The forests between the Divide and coast produce motorcycle champions. That’s because there are a lot of young guys and a lot of trails like this one, where I often walk to and from town:
Just today near this spot I encountered a neighbour with his two young sons on motor-bikes, teaching them the skills and safety. Lately, a junior aboriginal trail-bike group has formed – and when a Dhungutti acquires sporting skills you can expect the freakish. Endless forest trails, lots more champs on the way, people.
But check out another kind of track:
That’s our local singletrack for mountain-bikes. It began a decade ago as an informal affair, and is now a venue for the odd serious competition. (Wish my camera could pick up the millions of tiny egg-and-bacon flowers that give that shot its gold tinge.)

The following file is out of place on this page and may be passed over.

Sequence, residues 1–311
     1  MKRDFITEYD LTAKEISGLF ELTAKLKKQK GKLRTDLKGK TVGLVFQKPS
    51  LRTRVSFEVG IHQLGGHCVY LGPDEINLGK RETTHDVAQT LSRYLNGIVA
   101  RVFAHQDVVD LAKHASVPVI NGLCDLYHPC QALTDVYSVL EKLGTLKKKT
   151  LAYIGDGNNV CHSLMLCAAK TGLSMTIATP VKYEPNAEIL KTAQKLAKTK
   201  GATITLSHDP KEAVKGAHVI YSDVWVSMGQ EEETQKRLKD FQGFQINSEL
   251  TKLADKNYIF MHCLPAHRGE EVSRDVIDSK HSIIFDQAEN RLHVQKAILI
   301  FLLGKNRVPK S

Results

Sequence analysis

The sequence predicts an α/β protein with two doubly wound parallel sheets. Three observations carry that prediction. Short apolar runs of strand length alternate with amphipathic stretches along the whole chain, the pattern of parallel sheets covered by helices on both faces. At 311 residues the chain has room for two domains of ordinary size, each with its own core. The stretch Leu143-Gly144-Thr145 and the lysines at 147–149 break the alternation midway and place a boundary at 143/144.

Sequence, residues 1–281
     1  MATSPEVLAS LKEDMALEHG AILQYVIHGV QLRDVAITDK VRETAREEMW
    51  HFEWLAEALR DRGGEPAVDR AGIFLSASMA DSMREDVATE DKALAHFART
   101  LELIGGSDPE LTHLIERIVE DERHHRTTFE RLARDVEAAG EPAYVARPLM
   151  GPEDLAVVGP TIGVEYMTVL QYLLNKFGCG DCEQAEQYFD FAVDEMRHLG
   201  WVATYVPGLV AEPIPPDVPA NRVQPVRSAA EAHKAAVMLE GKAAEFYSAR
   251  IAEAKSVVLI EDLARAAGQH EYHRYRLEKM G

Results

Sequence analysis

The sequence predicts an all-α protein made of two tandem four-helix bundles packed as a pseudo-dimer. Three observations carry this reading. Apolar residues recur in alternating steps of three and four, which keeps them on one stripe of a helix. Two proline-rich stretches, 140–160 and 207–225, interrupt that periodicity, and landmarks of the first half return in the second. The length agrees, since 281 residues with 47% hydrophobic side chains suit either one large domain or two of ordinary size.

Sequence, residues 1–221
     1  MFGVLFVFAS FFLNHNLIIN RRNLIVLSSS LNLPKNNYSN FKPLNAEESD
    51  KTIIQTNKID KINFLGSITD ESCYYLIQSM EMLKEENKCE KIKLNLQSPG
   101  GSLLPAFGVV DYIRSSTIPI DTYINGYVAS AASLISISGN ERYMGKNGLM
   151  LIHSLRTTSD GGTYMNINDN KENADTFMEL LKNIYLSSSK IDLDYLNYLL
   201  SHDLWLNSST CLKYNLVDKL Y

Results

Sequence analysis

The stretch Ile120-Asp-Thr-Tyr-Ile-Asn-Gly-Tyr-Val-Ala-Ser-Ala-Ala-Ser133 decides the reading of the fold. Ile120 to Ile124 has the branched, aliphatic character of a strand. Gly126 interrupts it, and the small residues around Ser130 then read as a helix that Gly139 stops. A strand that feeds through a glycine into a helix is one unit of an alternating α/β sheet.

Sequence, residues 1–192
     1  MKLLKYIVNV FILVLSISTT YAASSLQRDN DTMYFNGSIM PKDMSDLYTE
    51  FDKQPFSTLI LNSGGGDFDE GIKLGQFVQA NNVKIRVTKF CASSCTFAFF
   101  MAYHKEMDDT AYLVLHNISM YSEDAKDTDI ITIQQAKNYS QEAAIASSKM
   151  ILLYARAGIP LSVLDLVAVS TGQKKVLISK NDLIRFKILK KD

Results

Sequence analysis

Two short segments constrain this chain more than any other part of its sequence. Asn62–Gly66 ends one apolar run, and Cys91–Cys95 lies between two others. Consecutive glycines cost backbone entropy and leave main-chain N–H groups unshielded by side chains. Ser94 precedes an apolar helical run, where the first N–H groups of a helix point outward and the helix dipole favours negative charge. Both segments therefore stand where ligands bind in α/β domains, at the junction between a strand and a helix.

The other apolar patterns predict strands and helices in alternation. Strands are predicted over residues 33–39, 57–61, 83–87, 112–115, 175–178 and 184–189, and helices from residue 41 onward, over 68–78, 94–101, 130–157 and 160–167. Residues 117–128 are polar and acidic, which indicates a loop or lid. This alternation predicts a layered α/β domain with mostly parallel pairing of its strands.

Those who’ve watched mountain-biking on TV during the Olympics know that it’s not the greatest spectator sport. Yet it is hard to think of a skill that a good MTB rider can afford to lack. He or she needs endurance, speed, balance, thrusting strength, tactical smarts and a brain for reading every inch of track. And quickly. I doubt there are any meatheads at the top of this game.
It may seem odd, but I’ve long thought that moso has potential as a venue for sports like running and MTB. It doesn’t need grooming like the singletrack above, the track could be altered easily, the surface is like a pine-forest’s mat underfoot…and it’s all in shade. I don’t have a forest yet, just a grove, but do you get my point?